Social marketing is the use of marketing techniques and principles to change people's behavior. It is a process, concept, and application for seeing what people desire, who they are, and then organizing the communication, creation, and delivery of products and services to meet their wishes and needs of society and resolve social problems .
Social marketing was originally named, like other branches of marketing, such as industrial marketing or inter-company marketing, to refer to a specific marketing sub-area. In practice, it happened that modern marketing techniques developed for consumer products began to be used by other areas of activity, seeing the visible success of these techniques. These sub-disciplines were set because, although marketing principles and tools could be applied in different areas, the markets were very different for each of them. Marketers in these areas in addition to knowledge of marketing per se had to understand these markets. Therefore, we now have texts and courses entitled industrial or business-to-business marketing, financial services marketing, service marketing, government marketing or the public sector, sports marketing, marketing events, and even religious marketing. Social marketing came about when marketers and practitioners of social change began using marketing techniques to achieve socially desirable goals .
Social marketing is surprisingly long. It is origins date back to 1960. It only had a slight increase over the next two and a half decades, but it flourished in the 1990s because it focused more on behavior and gained acceptance and support from heavy institutions such as the Centers for Disease Control and Prevention. However, there is a danger today that it will be labeled as a downstream approach. Most observers and many practitioners see social marketing as an approach to influence people with 'bad behavior' - neglecting prenatal care, smoking, not recycling. However, this narrow view greatly underestimates the true potential of social marketing. Social marketing is about influencing the behavior of target audiences. Many other target audiences must act outside of "problematic people" if we are to solve serious social problems .
The goal is the good of the community
Social marketing is just one "branch" of marketing in which industries reflect the area of application, for example :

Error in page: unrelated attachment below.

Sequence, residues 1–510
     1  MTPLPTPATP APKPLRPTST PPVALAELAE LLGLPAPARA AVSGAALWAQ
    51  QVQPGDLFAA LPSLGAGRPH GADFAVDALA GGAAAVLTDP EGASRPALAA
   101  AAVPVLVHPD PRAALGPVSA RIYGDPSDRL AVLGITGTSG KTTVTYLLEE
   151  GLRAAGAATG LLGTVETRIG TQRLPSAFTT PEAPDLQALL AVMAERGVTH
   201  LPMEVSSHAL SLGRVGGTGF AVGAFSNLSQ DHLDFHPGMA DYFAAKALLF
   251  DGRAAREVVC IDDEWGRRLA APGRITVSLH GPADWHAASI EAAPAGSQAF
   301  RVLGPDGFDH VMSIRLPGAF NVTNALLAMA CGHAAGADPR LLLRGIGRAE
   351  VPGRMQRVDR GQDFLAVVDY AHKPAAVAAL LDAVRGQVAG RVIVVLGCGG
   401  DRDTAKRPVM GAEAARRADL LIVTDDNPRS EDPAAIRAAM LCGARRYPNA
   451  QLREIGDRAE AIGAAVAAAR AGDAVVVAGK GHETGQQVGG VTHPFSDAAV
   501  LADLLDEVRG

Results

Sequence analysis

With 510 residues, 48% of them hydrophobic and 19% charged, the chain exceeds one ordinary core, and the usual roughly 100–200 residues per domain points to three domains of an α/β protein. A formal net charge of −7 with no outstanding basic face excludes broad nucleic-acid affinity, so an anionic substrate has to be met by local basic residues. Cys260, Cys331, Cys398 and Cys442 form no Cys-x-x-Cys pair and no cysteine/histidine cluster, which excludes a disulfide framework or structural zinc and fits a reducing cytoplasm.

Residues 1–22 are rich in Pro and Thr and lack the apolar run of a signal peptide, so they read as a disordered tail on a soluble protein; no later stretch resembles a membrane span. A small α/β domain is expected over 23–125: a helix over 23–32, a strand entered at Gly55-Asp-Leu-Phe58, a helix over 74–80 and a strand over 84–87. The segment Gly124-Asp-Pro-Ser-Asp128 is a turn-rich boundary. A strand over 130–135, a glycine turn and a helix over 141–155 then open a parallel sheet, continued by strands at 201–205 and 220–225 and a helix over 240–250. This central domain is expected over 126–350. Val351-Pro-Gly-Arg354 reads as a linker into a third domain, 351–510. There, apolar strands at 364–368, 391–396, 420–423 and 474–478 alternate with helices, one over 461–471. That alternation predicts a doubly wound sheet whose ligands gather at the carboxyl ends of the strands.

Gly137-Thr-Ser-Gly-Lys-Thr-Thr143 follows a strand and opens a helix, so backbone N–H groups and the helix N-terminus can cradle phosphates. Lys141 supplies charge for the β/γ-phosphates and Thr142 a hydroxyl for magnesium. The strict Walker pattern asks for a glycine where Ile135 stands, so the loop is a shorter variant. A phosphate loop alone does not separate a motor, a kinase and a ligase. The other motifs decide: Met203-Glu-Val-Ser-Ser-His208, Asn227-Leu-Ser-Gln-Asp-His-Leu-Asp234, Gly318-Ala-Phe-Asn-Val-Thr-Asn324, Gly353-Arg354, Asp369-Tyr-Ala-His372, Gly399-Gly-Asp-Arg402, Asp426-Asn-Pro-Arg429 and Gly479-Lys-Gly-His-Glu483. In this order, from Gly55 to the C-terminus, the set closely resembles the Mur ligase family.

- business marketing
- sports marketing
- industrial marketing
- non-profit marketing
- religious marketing
- political marketing
However, social marketing is more than applying marketing to social issues: the key difference to all other branches of marketing, is that the goals of social marketing relate to the well-being of the community, while for all other goals the marketer relates to the well-being of the marketer (members and donations, sales and profits, political representation). If the good of the community is not the goal, it is not social marketing. Social marketing is about helping to achieve and maintain the desired social change. Sometimes social changes occur unplanned and generally have a mild or even positive impact, such as the introduction of a printing press, telephone or worldwide network. In other cases, the changes may be rapid, as in the French and Russian revolutions in the eighteenth and twentieth centuries, respectively, or have devastating health effects, such as in the underground extraction and dangerous acts of the industrial revolution. Therefore, social markers and other practitioners of social change are invited to use their skills not only to achieve socially desirable change but also to counteract the undesirable social change.
- D.W. Stewart. 2015. p.22
- R.Donovan,N.Henley. 2010. p.4
- A.R.Andreasen. 2006. p.vii
- R.Donovan,N.Henley. 2010. p.1
- Andreasen A.R., (2006), Social marketing in the 21st century, Sage Publications, United States of America.
- Donovan R., Henley N., (2010), Principles and Practice of Social Marketing: An International Perspective, Cambridge University Press, New York.
- Ewing M.T., (2001), Social marketing, The Haworth Press, New York.
- Stewart D. W. (2015), The handbook of persuasion and social marketing, Praeger, Santa Barbara.
Author: Magdalena Domalik